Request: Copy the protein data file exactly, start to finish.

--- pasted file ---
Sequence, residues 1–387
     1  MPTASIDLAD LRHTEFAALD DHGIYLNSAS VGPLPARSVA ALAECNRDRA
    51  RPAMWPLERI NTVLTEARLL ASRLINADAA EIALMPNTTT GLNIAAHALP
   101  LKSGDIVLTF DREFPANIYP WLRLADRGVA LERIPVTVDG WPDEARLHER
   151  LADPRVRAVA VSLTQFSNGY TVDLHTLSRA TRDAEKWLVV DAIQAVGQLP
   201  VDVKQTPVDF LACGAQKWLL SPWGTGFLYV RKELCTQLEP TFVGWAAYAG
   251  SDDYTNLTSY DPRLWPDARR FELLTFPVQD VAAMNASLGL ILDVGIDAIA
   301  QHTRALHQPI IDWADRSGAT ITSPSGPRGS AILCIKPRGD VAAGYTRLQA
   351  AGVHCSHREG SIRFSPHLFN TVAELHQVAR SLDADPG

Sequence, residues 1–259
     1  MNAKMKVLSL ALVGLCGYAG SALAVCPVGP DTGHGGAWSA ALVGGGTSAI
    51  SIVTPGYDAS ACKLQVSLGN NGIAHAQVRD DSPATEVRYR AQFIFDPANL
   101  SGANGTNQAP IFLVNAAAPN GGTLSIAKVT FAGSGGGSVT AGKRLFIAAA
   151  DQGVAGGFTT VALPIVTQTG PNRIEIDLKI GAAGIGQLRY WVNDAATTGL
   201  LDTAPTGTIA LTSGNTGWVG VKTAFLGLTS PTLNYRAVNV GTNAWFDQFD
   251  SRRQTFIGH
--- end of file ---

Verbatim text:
Sequence, residues 1–387
     1  MPTASIDLAD LRHTEFAALD DHGIYLNSAS VGPLPARSVA ALAECNRDRA
    51  RPAMWPLERI NTVLTEARLL ASRLINADAA EIALMPNTTT GLNIAAHALP
   101  LKSGDIVLTF DREFPANIYP WLRLADRGVA LERIPVTVDG WPDEARLHER
   151  LADPRVRAVA VSLTQFSNGY TVDLHTLSRA TRDAEKWLVV DAIQAVGQLP
   201  VDVKQTPVDF LACGAQKWLL SPWGTGFLYV RKELCTQLEP TFVGWAAYAG
   251  SDDYTNLTSY DPRLWPDARR FELLTFPVQD VAAMNASLGL ILDVGIDAIA
   301  QHTRALHQPI IDWADRSGAT ITSPSGPRGS AILCIKPRGD VAAGYTRLQA
   351  AGVHCSHREG SIRFSPHLFN TVAELHQVAR SLDADPG

Sequence, residues 1–259
     1  MNAKMKVLSL ALVGLCGYAG SALAVCPVGP DTGHGGAWSA ALVGGGTSAI
    51  SIVTPGYDAS ACKLQVSLGN NGIAHAQVRD DSPATEVRYR AQFIFDPANL
   101  SGANGTNQAP IFLVNAAAPN GGTLSIAKVT FAGSGGGSVT AGKRLFIAAA
   151  DQGVAGGFTT VALPIVTQTG PNRIEIDLKI GAAGIGQLRY WVNDAATTGL
   201  LDTAPTGTIA LTSGNTGWVG VKTAFLGLTS PTLNYRAVNV GTNAWFDQFD
   251  SRRQTFIGH